The Pollution Summit held on October 25th 2019 and organised by the Farnham Herald and Jeremy Hunt, was seen by some as a political stunt, but in fact was the catalyst for real dialog on this matter between senior Surrey CC and Waverley BC officers and Councillors, perhaps for the first time.
The actions needed to resolve Farnham’s high air pollution problems have been known for many years, indeed Waverley BC’s own Air Quality Management Plan published in 2008 stated that reduction in traffic flow through central Farnham by part pedestrianisation would be the best remedy. However, the fact that Waverley BC has no power or budget to do what it had proposed, taken together with the lack of political will at all levels, has meant that there has been no significant action so far.
The Farnham Society has, in the past, been highly critical of Waverley Borough Council in its incompetence in monitoring air quality but we are glad to say that these issues have now been resolved with rapid publication of valid air quality data available online to everyone.
None of us were to know when the pollution summit took place in October last year, the enormous changes which were to unfold in 2020 with the onslaught of the Corona Virus. Traffic volumes across the country plummeted and so did the amount of air pollution, certainly in terms of Nitrogen Dioxide (NO₂) concentrations. In Farnham, NO₂ concentrations fell by 50% between January 2020 and May during the lockdown period but have of course increased as traffic has returned since but, significantly, not to the pre lockdown levels. This may be due to lower overall traffic volumes, although nationally volumes are almost back to where they were, but more likely to the lane restrictions which have controversially been introduced in Farnham since the summer. This points to the potential value of restricting lanes so as to reduce pollution even when this leads to slower moving traffic.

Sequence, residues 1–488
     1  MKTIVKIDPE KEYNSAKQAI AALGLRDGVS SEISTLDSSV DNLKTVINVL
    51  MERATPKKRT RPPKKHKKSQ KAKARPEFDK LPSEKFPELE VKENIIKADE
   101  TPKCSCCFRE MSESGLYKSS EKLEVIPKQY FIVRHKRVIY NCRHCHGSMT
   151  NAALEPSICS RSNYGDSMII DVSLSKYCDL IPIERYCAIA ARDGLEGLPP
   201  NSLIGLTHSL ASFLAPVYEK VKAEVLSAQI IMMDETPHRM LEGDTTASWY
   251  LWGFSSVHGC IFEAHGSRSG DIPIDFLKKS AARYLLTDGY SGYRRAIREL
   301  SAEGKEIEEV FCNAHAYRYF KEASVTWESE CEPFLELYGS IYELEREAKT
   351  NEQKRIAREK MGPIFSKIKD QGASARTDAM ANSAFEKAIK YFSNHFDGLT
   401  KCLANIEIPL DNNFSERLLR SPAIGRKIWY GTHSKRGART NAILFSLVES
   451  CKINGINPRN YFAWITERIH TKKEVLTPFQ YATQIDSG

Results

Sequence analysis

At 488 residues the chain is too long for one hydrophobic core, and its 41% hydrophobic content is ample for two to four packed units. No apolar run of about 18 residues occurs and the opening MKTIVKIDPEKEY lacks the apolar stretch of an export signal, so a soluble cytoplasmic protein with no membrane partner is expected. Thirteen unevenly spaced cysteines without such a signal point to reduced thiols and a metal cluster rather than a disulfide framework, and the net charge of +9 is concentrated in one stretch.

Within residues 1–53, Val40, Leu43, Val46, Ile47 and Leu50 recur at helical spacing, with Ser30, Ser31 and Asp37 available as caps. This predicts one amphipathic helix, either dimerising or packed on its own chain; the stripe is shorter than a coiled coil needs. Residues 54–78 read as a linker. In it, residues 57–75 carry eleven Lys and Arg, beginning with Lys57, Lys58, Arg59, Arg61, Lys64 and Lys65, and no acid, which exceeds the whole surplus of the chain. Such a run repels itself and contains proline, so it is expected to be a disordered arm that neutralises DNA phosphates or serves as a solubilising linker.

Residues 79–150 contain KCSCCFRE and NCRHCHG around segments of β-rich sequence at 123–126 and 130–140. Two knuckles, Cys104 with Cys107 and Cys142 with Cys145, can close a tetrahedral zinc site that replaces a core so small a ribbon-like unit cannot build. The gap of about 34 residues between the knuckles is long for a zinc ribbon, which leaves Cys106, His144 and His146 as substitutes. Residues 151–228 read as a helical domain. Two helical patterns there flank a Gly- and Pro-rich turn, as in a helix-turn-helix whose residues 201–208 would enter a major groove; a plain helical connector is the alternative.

Another aspect which has been highlighted by the lockdown is the fact that Particulate Matter PM₁₀ concentrations (measured continuously by the automatic monitor at the Royal Deer Junction) show no similar changes to NO₂ concentrations. In fact, there seems to have been little effect on PM ₁₀ concentrations, so it is clear that traffic volumes in Farnham are not the critical factor.
Looking forward, it is obvious that Farnham will not breach any government pollution guidelines this year as these are mostly based on annual mean numbers which in Farnham will all be well below the Air Quality Standards regulations. Beyond that who knows? Given that the number of diesel cars (the worst polluters) being sold has fallen so dramatically from 50% of all cars in 2016 to only 15% this year and that electric and hybrid cars are now selling in similar numbers to diesel, the effect on NO₂ levels must surely come soon.
In any event, the changes to traffic flows as a result of the proposed wide-ranging Farnham Infrastructure Programme, will have a major beneficial effect not only on pollution levels but on the entire environment of the town. There will of course also be problems which result from these changes, one of the important ones being the effect on the Upper Hale Road congestion. However overall, we support many of the proposals which have been tabled but we do worry about the availability of funds to carry the ambitious programme to completion. The Project Board seems to be working well and is reaching out to all stakeholders in and around the town including business and retail which will be much affected by the changes.
For the first time that many of us can remember, there does seem to be a concerted effort by all tiers of local government to work together and to engage with us all in finding a good solution. Political attitudes across the country have changed on environmental and healthy living issues and this must surely be welcome.
Chair of the Air Quality Committee